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TWU's Fogg and Wilson receive national nursing faculty award

12/6/11

Niki Fogg                           Jennifer Wilson

DALLAS — Texas Woman’s University’s Niki Fogg and Jennifer Wilson are among only three nursing faculty in the nation to receive 2011 Novice Faculty Teaching Awards from the American Association of Colleges of Nursing (AACN).

Launched earlier this year, the AACN Novice Faculty Teaching Award recognizes excellence and innovation in nursing education by early career faculty at AACN member schools. Two awards are presented each year: one for didactic teaching and the second for clinical teaching. Ms. Fogg and Ms. Wilson are joint recipients for the clinical teaching award.

The AACN represents more than 670 nursing colleges and schools at public and private institutions nationwide.

“To have two of our nursing faculty recognized by this important national organization speaks to the quality and reputation of TWU’s College of Nursing,” said Dr. Patricia Holden-Huchton, dean of the TWU College of Nursing. “I know I join Ms. Fogg’s and Ms. Wilson’s colleagues in congratulating them for this prestigious honor.”

Both Ms. Fogg and Ms. Wilson are assistant clinical professors at the Houston J. and Florence A. Doswell College of Nursing at the TWU T. Boone Pickens Institute of Health Sciences-Dallas Center.

In fall 2008, they assisted a TWU faculty team in developing a new child health competencies course. Using simulation and laboratory activities, they implemented innovative, student-centered teaching strategies to integrate theory and clinical practice, thereby encouraging clinical reasoning.

“I am grateful and proud to be part of a talented teaching team that is creative, supportive and diverse in clinical backgrounds,” said Ms. Wilson, MSN, RN, CPN. “I attribute my success to their support and mentoring.”

Examples of Ms. Fogg’s and Ms. Wilson’s innovations include:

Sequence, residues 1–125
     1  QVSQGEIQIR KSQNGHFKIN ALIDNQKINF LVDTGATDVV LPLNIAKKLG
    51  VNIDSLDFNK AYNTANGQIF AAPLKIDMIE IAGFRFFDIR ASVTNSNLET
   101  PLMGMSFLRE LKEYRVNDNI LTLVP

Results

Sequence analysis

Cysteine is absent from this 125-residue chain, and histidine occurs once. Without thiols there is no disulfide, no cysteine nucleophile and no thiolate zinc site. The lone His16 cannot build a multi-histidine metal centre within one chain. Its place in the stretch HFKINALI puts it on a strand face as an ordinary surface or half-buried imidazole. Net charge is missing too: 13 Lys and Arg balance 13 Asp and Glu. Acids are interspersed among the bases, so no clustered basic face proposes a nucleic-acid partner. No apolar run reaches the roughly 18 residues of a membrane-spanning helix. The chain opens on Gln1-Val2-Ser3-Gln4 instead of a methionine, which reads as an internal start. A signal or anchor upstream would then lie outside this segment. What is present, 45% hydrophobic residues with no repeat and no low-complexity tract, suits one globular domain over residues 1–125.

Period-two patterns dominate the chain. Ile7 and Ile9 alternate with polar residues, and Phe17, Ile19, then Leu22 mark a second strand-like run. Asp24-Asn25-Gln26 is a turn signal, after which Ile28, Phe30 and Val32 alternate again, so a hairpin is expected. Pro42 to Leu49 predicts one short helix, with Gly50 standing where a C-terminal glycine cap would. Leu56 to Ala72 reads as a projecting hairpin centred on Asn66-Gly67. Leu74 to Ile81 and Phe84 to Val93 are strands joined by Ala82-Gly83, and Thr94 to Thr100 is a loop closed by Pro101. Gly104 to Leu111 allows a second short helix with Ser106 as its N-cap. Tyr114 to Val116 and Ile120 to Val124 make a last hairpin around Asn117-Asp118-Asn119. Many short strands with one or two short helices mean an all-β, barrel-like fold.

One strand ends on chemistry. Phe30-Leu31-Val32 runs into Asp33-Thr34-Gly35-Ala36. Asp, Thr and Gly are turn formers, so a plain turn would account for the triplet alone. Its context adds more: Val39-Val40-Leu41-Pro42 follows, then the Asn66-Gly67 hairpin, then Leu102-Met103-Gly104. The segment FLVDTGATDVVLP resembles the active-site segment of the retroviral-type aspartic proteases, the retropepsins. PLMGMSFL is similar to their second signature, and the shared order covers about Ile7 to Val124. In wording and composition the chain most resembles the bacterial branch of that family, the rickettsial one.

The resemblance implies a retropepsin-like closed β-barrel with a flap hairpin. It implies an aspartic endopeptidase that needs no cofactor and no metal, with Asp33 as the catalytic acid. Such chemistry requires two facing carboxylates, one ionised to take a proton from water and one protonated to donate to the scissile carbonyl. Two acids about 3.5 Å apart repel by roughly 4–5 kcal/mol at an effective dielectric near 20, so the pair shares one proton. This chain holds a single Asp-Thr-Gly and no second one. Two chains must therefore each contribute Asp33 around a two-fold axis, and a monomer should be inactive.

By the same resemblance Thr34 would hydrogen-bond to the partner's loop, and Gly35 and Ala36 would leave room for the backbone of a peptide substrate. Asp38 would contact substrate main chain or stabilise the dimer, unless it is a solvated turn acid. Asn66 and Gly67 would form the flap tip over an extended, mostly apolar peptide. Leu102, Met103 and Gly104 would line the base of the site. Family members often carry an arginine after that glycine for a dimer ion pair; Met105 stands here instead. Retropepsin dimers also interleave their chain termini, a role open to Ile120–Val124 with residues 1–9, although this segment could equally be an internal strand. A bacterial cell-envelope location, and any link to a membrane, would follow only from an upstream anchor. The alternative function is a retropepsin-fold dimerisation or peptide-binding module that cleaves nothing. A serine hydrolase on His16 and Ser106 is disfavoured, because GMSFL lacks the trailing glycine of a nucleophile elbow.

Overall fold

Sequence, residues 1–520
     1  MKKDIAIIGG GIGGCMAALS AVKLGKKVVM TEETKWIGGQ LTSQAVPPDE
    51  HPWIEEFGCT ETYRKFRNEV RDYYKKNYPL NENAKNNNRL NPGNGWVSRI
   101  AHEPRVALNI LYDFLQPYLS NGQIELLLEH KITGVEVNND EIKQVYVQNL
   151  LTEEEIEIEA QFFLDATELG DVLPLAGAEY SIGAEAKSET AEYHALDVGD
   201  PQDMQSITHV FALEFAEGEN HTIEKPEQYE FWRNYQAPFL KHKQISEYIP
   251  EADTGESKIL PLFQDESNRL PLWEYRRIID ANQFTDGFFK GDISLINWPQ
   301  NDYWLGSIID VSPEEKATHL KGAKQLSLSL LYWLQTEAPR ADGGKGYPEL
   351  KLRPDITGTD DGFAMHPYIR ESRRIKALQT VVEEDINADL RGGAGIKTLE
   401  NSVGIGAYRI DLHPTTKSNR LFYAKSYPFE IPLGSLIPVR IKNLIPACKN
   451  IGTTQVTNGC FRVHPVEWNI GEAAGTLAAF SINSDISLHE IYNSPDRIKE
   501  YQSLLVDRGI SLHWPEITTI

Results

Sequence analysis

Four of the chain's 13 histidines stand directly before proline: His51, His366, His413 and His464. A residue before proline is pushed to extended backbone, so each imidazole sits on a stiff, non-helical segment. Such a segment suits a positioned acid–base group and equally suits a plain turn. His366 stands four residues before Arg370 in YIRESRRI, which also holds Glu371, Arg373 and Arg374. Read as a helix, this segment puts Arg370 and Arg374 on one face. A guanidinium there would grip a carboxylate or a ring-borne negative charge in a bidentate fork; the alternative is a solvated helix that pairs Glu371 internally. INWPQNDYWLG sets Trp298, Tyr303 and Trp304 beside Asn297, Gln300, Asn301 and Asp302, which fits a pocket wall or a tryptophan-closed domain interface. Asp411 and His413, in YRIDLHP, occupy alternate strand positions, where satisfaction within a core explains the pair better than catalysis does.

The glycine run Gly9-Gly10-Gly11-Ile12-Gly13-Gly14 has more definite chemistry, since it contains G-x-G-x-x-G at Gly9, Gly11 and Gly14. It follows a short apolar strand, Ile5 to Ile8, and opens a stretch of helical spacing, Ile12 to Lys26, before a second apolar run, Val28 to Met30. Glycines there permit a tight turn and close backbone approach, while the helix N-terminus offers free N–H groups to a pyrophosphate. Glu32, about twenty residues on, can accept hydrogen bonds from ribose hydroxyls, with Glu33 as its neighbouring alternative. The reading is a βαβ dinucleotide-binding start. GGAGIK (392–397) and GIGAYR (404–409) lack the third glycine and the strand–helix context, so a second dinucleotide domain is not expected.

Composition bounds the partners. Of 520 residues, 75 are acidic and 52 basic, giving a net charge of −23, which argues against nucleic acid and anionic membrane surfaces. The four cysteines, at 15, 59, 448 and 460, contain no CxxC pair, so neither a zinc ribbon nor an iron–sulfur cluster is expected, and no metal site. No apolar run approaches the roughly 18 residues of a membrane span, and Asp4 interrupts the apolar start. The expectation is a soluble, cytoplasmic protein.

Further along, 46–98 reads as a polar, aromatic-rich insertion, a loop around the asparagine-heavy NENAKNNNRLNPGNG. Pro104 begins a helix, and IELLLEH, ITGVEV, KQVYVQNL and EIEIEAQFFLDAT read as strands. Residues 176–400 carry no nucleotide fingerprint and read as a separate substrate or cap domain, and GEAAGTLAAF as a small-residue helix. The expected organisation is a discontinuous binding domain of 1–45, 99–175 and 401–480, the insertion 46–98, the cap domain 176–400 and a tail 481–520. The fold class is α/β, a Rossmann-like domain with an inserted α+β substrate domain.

• Innovations in Simulation “A Season for Simulation” — a series of evolving theme-based simulations focusing on assessment, prioritization, communication and treatment using SBAR methods allowing for assessment of clinical reasoning
• Medication Safety Simulations — a medication administration simulation to replace the traditional pediatric medication calculation test, allowing faculty to reinforce quality and safety approaches in pediatric medication education
• Mobile Skills Stations — mobile simulation tools for “just-in-time” education and reinforcement of pediatric skills and concepts in the clinical setting by clinical faculty
• “Are You Smarter than a Fifth-Grader?” — initially developed as a clinical teaching project for nursing students, the activity shows fifth-graders how math is incorporated into nursing through developmentally appropriate interactive stations. It has evolved into a collaborative project with the adult health course in which nursing students promote nursing as a “thinking profession” by teaching high school students critical thinking skills through high fidelity simulation. This project has assisted with recruitment efforts in the TWU College of Nursing by targeting students previously considering a career in science, technology, or math, who may now consider the field of nursing.

“I think it is important to find new ways of facilitating learning in the clinical setting that is educational and enjoyable to students,” said Ms. Fogg, MS, RN, CPN. “As a novice educator, it is a privilege to work with such a wonderful team of experienced faculty in the TWU College of Nursing who are supportive of these educational innovations.”

Ms. Fogg received her bachelor of science in nursing from the University of Texas Medical Branch at Galveston and her master of science in nursing education from TWU. A certified pediatric nurse, she is active in the Society of Pediatric Nurses, serving on the national public policy committee and as past Dallas-Fort Worth chapter president. She is also a member of the national nursing honor society Sigma Theta Tau. Ms. Fogg recently was honored as one of the “Great 100 Nurses” of North Central Texas and has published in the area of pediatric nursing.

Ms. Wilson’s clinical background is in pediatric oncology and general pediatrics. She earned a bachelor of science in nursing from the University of Maryland and a master of science in nursing with a specialization in oncology from George Mason University. She is a certified pediatric nurse and is an active member of the Association of Pediatric Hematology/Oncology Nurses and the Society of Pediatric Nurses, serving on the national education committee.

AACN's educational, research, governmental advocacy, data collection, publication and other programs work to establish quality standards for bachelor and graduate degree nursing education, assist deans and directors to implement those standards, influence the nursing profession to improve health care and promote public support of baccalaureate and graduate nursing education, research and practice. For more information, visit www.aacn.nche.edu.



Media Contact:

Karen Garcia
Senior Writer
940-898-3456
kgarcia@twu.edu

page updated 10/2/2014 11:05 AM